Category Archives: Civil Rights

Defying the Federal Courts

“Courts are just people. They’re just men and women dressed in black robes who have no power to re-declare, or declare, the social foundation of this nation as being unconstitutional.” These were the words of Roy S. Moore, chief justice of the Alabama Supreme Court. Moore is a man with a proud history of defying … Continue reading Defying the Federal Courts

The Sit-Ins, the Supreme Court, and the Constitution

On Wednesday, a South Carolina court made national news when it vacated the civil rights-era convictions of a group of lunch counter sit-in protesters. The convictions stemmed from a protest in Rock Hill, South Carolina, on January 31, 1961. A group of African American students from Friendship College took seats at a local five-and-dime lunch … Continue reading The Sit-Ins, the Supreme Court, and the Constitution

Martin Luther King, Jr. and the Law

[Reposted from the IIT Chicago-Kent Faculty Blog] Among the most important of Martin Luther King, Jr.’s contributions to American history were his commentaries on the relationship between the law and social justice. King’s views toward the law can be divided into two categories: law as obstacle and law as opportunity. Law as an Obstacle to … Continue reading Martin Luther King, Jr. and the Law

Why Does Everyone Want the Supreme Court to Take a Same-Sex Marriage Case?

Red and blue Americans agree on precious little, but there is one thing that seems to be on every politician’s Christmas list this season: Supreme Court review of a same-sex marriage case. Everyone, it seems, is asking the Court to take on the issue. Proponents of same-sex marriage are confident that they now have the … Continue reading Why Does Everyone Want the Supreme Court to Take a Same-Sex Marriage Case?

Mississippi Burning at the Supreme Court

On Monday, President Obama awarded Medals of Freedom to James Chaney, Andrew Goodman, and Michael Schwerner. This year marks the fiftieth anniversary of their deaths. Early in the summer of 1964, the three men were working with the Mississippi voter registration drive known as “Freedom Summer.” Local police arrested them for a supposed traffic violation … Continue reading Mississippi Burning at the Supreme Court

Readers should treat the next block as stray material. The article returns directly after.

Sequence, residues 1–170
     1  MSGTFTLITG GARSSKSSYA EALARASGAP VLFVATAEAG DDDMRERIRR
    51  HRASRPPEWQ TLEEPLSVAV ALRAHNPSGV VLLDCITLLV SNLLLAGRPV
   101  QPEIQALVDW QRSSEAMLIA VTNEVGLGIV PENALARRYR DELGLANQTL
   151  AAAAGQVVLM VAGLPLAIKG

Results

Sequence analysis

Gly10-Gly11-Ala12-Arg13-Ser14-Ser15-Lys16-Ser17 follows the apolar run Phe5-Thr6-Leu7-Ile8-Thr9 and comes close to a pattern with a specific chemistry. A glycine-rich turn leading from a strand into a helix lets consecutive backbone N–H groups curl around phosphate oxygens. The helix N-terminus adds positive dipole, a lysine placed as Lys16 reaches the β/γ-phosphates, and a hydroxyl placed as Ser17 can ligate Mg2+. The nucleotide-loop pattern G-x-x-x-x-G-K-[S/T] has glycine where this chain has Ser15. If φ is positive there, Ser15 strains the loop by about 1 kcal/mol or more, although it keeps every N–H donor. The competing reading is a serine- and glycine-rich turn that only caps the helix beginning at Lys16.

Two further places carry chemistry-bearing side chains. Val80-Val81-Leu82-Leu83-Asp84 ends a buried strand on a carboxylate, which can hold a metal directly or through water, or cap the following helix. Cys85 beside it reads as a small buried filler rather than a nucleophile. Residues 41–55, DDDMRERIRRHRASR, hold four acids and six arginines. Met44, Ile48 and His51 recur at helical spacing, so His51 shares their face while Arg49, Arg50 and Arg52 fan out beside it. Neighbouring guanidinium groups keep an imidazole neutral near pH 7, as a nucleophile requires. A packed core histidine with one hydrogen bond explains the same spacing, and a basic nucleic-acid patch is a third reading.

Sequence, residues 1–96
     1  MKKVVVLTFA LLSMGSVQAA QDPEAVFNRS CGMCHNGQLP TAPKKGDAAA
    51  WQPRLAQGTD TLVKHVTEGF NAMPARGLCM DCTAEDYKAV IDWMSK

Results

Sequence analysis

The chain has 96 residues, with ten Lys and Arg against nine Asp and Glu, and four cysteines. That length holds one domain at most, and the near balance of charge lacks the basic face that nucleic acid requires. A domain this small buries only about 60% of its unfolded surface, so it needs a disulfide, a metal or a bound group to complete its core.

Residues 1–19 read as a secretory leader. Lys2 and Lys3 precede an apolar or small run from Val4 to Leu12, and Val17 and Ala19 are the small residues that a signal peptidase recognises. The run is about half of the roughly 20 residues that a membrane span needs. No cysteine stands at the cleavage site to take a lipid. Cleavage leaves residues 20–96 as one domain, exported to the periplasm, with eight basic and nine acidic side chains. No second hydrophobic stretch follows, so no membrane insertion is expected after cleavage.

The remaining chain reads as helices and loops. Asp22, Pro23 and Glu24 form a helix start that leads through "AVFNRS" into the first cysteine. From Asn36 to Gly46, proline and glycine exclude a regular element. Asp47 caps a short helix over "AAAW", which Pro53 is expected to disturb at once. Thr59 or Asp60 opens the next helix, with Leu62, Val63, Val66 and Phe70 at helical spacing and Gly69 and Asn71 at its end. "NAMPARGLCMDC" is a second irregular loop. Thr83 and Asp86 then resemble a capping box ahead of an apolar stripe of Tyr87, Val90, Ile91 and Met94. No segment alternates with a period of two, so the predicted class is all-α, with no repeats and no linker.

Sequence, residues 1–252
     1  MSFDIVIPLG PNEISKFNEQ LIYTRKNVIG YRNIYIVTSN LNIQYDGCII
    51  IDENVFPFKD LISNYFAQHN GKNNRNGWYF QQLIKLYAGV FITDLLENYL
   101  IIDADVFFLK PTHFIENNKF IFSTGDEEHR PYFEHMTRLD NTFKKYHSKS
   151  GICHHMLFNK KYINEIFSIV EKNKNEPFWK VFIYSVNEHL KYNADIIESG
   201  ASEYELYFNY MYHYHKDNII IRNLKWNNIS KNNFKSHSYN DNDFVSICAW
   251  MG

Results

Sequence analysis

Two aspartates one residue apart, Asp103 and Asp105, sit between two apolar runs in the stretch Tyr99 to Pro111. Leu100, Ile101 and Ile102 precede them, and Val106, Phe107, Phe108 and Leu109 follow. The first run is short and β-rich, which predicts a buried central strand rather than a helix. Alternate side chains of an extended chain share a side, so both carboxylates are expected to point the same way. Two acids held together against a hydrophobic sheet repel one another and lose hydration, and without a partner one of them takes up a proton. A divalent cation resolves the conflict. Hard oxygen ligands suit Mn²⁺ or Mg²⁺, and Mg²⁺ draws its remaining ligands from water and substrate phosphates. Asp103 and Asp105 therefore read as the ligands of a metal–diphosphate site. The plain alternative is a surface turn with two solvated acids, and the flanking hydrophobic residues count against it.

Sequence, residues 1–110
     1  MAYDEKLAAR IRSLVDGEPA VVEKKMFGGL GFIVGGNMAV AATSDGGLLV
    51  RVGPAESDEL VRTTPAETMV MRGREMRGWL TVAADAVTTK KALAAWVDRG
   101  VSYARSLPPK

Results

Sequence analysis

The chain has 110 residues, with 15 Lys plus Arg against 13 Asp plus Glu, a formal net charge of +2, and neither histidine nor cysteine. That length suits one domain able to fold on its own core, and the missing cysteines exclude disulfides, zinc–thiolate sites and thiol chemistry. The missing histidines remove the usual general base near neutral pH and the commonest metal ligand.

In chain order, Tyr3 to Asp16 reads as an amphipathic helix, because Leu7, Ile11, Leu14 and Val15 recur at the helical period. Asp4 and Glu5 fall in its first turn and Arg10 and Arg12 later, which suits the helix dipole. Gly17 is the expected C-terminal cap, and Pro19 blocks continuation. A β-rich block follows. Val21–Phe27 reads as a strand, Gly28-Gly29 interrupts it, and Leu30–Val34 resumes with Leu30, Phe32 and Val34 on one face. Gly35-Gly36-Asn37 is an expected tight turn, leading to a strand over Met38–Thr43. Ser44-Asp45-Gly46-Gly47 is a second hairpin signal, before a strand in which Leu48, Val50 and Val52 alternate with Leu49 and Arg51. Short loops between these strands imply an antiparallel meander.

Some Thoughts on a “Silent” Supreme Court

There has been much discussion about the Supreme Court’s recent string of highly consequential actions in which the justices have been conspicuously silent about what they are doing. Because of the great lengths the justices go to lay out the precise reasoning of their decisions, they often proudly proclaim the Court as the most transparent … Continue reading Some Thoughts on a “Silent” Supreme Court

A Look Back—Justice Sotomayor’s First Oral Dissent

The Supreme Court has finally released—and Oyez has made available—audio recordings of last Term’s opinion announcements. Most of these announcements are summaries of majority opinions, but there are also a few oral dissents. Standard practice on the Supreme Court is for only the author of the opinion of the Court to read a summary of … Continue reading A Look Back—Justice Sotomayor’s First Oral Dissent

A Look Back at Loving v. Virginia

Today marks the 47th anniversary of Loving v. Virginia, the Supreme Court decision striking down bans on interracial marriage in sixteen states. The case was argued on April 10, 1967, and announced just two months later, on June 12. Looking back at the oral arguments in the case, several points stand out. First, the momentum … Continue reading A Look Back at Loving v. Virginia

Why Brown v. Board of Education Disappoints – And Why That’s Not All Bad

Brown v. Board of Education, the Supreme Court’s landmark 1954 school desegregation ruling, turned 60 this past week. This anniversary was much like previous ones, equal parts commemoration and lamentation. If there is a consistent theme to Brown anniversaries over the years, it is this: Brown promised much, but only partially delivered. Brown is a … Continue reading Why Brown v. Board of Education Disappoints – And Why That’s Not All Bad